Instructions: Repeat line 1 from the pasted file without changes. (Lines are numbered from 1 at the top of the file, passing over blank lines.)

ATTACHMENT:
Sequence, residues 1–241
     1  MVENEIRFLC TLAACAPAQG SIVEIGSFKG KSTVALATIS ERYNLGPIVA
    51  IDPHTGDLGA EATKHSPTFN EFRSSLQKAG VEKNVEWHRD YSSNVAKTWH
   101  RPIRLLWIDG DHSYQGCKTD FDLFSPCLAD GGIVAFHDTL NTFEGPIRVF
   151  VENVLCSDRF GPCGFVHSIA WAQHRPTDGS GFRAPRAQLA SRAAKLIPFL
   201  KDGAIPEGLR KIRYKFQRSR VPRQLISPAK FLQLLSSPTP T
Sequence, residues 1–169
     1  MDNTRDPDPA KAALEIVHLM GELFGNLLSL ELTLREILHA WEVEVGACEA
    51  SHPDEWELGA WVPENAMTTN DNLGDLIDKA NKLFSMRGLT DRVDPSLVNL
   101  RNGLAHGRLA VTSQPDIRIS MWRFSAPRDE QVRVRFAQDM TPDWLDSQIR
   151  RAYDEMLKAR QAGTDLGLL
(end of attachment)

Sequence, residues 1–241